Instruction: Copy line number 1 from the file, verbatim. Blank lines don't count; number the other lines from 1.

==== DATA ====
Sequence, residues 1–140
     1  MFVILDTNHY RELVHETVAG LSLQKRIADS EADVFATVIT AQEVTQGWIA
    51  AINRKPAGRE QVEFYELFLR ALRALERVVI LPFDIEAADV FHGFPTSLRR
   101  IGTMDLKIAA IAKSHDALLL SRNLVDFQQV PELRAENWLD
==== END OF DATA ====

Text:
Sequence, residues 1–140